The leaf collection and bagging systems known today, and exemplified by the systems mentioned above, have several significant disadvantages. Most notably, the leaf collecting bag is too small and has to be emptied frequently. For large lawns and quantity of leaves, the bag is simply inadequate. Further, the contents of the bag has to be transferred by hand to larger containers or plastic bags which is also time consuming and difficult to accomplish cleanly and easily. Known blower/vacuum leaf collection bags also usually are adapted to hang from the user's shoulder and are bulky and awkward to handle.
The present invention has been designed to overcome the defects and disadvantages associated with and inherent in known leaf collecting systems. The present invention provides an improved leaf pick up and bagging system which allows the user to pick up and bag the collected leaves more easily and faster.
The invention generally comprises an accessory or attachment system which can be used with any of the known blower/vacuum devices. A long flexible and extendable tube is detachably secured at one end with a unique sleeve mechanism to the blower/vacuum and secured at the other end to a shroud or skirt. The shroud or skirt is adapted to fit over and be attached to the top of a large container, such as a trash can. Both the sleeve mechanism and shroud are attached to the flexible tube with quick-release fastening mechanisms, and shroud is adapted to be attached to the large container with a similar mechanism. With this system, leaves can be sucked up by the blower/vacuum and transferred to containers at one convenient centrally-located position. If desired, large plastic bags can be positioned inside the collection containers and the mulched leaves transferred directly into it. This can be done easily, quickly and without the typical problems of sagging sides and misdirected leaves when plastic bags are used.
The present invention has relatively few parts and the parts are relatively inexpensive. Further, the parts are also easily collapsed or folded for storage and transport. This means that the invention can be mass produced relatively inexpensively, sold at a reasonable price for use by most consumers, and adapted to be used and transported easily and quickly by the consumers.
Further objects, features, benefits and advantages of the invention will become apparent from the following description of the preferred embodiments, especially when viewed in accordance with the accompanying drawings:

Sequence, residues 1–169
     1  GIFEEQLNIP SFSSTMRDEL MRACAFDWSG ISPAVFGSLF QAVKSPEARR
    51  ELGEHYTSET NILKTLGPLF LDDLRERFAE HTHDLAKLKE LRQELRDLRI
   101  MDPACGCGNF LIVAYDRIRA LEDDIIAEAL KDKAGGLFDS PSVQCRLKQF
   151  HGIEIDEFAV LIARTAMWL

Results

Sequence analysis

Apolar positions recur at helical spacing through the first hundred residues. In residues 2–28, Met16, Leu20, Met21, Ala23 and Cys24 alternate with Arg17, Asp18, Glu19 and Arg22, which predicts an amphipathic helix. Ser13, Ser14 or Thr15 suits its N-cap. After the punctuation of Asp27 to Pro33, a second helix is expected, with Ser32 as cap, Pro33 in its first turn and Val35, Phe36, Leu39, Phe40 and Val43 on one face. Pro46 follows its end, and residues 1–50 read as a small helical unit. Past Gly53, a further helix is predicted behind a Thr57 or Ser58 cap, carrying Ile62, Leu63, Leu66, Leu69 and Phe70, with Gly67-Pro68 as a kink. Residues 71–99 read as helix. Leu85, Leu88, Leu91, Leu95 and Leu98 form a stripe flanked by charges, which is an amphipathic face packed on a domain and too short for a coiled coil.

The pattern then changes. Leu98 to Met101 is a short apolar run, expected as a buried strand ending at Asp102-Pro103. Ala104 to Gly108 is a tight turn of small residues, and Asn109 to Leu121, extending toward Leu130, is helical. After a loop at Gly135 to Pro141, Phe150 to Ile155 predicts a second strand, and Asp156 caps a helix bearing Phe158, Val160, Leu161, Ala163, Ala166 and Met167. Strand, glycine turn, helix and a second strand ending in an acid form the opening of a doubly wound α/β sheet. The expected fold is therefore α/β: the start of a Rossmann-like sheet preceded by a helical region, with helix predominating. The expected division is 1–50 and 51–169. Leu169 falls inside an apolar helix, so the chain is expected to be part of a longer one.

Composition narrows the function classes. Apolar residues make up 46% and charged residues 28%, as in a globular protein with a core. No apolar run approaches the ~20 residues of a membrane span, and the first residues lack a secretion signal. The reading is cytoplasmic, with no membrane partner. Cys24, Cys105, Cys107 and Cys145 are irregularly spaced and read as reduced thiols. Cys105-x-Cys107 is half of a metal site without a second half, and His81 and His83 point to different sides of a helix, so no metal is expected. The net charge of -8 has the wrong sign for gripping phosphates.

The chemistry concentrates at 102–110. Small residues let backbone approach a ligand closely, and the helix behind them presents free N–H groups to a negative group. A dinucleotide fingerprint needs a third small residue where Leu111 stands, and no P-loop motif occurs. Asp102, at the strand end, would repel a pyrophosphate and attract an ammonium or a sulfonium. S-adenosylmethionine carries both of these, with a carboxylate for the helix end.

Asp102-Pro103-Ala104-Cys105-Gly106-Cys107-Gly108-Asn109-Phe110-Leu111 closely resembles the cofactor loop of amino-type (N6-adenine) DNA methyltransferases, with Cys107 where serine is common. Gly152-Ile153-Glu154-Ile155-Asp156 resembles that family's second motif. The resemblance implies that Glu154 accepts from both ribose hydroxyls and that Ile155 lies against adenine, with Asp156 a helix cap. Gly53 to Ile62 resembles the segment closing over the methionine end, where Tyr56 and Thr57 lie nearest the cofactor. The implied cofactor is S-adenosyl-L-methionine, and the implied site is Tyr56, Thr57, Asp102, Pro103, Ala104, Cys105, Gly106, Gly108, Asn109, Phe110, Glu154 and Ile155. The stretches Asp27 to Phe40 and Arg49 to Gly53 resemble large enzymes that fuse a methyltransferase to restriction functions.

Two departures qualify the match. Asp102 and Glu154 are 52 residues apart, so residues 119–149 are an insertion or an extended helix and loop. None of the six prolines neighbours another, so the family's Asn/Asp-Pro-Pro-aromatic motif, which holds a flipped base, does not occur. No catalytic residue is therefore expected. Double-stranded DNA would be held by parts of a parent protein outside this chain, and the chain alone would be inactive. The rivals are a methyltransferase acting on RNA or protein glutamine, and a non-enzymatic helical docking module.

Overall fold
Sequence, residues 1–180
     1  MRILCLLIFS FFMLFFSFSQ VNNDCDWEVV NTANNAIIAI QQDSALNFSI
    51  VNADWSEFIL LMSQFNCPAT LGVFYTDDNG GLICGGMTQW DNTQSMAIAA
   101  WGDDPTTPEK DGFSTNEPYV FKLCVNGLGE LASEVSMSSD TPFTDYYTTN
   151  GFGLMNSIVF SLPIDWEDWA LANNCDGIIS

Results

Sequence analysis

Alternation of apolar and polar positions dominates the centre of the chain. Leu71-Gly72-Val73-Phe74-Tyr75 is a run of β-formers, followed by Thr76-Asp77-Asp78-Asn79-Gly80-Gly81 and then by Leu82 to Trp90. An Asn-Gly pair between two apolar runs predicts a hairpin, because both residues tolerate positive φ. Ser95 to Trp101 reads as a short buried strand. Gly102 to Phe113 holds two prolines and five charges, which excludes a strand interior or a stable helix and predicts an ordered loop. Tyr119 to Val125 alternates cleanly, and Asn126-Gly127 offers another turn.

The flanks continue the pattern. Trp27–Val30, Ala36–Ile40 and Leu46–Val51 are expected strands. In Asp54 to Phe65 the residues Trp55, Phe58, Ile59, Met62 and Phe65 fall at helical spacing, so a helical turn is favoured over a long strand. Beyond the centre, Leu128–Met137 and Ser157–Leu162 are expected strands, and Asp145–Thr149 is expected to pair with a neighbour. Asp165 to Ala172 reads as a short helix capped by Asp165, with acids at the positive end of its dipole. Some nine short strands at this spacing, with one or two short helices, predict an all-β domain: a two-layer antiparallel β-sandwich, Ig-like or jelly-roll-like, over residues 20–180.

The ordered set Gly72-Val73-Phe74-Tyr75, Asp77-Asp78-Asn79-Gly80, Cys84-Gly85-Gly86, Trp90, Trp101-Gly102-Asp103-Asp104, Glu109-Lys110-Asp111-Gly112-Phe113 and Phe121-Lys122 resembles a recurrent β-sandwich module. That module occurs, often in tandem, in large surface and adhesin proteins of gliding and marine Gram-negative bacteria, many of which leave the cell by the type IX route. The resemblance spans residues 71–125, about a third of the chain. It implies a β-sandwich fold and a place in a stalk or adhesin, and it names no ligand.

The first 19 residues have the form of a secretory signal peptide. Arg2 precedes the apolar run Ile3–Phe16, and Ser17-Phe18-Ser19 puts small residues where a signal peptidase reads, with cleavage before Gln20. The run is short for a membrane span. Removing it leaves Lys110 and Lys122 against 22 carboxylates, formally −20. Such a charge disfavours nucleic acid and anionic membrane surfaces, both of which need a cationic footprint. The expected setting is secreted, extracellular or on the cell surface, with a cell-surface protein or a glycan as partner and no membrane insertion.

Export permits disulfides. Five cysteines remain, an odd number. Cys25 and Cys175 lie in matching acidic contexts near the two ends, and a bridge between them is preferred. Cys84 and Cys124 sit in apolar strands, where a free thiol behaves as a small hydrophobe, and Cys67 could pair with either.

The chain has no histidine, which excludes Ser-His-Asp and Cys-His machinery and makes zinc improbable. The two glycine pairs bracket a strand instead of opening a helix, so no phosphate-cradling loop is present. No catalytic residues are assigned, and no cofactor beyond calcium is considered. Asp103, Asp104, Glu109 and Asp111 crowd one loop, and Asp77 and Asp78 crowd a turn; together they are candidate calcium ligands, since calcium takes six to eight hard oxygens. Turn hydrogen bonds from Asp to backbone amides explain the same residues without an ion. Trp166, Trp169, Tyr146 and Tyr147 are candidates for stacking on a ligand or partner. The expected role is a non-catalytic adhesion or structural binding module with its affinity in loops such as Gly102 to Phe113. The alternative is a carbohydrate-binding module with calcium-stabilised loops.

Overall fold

FIG. 1 is an exploded perspective view of the invention depicting how it can be used with a blower/vacuum to pick up leaves and deposit them in a container;
FIG. 2 is a cross-sectional view of one aspect of the invention and taken along lines 2--2 in FIG. 1; and
FIG. 3 is a cross-sectional view of another aspect of the invention and taken along lines 3--3 in FIG. 1.
As shown in the drawings, the invention is adapted to be attached to and used with a portable hand-held air blower/vacuum apparatus 10. Examples of known blower/vacuum devices are marketed as "Vac-N-Sac" by Allegretti & Company and "Gas Blower/Vac" by Black & Decker Co., and another is shown and described in U.S. Pat. No. 4,325,163.
The blower/vacuum apparatus comprises a motor-driven impeller 12 for drawing air 14 at a relatively high rate of speed through a flow. A suction tube or nozzle 16 is connected to the air 24 of the flow path whereby leaves, dirt, paper scraps and the like are drawn by the impeller 12 into the flow path and exhausted through an air outlet 28.
A motor (not shown) is included in casing 20 and drives the impeller 12. The motor can be either gas or electric driven and is mounted in or on a portable and relatively lightweight housing 22 formed from an impact-resistant plastic or the like. The motor rotatably drives the relatively lightweight and inexpensive impeller 12 for drawing air axially inwardly through air inlet 24 at a relatively high flow rate and for discharging the air centrifugally into a circumferentially-formed chamber 26 and then through a tangentially directed air outlet 28. Preferably the impeller 12 is adapted to mulch or chop leaves, grass and other material vacuumed through the unit; not only does this provide for more compact material for disposal, but it also prevents clogging or breaking of the impeller.